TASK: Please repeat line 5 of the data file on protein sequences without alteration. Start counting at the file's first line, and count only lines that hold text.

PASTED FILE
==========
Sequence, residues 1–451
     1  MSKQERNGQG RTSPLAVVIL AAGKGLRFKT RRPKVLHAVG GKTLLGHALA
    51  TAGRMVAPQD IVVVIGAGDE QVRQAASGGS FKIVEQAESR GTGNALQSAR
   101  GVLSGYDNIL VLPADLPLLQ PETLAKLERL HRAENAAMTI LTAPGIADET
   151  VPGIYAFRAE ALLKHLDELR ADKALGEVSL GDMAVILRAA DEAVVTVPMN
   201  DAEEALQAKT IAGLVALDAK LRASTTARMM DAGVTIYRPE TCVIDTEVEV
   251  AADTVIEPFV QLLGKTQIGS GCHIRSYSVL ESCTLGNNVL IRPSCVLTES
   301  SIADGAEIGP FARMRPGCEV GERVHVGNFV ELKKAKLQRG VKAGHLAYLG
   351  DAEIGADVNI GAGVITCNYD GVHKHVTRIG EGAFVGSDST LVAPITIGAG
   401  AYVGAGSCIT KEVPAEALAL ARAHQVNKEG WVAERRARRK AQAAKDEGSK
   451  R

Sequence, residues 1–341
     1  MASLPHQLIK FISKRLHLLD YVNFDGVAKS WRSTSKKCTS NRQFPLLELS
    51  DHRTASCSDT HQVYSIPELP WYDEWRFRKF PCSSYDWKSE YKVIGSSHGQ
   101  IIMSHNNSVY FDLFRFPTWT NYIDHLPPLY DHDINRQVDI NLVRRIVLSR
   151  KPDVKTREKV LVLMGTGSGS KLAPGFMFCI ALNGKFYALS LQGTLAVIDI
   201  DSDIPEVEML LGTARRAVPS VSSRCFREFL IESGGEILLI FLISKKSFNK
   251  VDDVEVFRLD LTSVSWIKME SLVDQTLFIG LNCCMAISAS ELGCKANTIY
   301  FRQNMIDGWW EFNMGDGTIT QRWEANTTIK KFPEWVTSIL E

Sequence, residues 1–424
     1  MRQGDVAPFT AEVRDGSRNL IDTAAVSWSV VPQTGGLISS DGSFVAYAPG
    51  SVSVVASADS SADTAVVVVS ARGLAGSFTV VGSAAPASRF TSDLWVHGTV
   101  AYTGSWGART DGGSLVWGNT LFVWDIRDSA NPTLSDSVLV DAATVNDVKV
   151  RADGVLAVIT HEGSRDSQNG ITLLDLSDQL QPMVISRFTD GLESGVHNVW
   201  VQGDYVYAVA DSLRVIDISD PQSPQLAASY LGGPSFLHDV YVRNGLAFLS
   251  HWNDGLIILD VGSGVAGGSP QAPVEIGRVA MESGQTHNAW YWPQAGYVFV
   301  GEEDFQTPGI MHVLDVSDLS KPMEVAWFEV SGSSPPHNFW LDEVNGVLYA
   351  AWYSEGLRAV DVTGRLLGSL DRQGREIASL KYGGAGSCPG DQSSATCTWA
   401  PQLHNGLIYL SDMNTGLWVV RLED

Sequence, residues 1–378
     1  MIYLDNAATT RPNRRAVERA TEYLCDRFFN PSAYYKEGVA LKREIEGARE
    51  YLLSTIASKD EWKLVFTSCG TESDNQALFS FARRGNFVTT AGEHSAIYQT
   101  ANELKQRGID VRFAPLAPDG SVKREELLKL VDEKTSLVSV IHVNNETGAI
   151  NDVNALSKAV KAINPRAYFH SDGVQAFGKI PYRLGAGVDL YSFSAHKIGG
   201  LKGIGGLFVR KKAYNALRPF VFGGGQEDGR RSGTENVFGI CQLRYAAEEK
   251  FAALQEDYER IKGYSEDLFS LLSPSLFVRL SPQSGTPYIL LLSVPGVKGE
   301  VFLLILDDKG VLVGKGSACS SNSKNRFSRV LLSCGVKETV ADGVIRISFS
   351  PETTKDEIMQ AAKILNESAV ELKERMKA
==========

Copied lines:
   151  VPGIYAFRAE ALLKHLDELR ADKALGEVSL GDMAVILRAA DEAVVTVPMN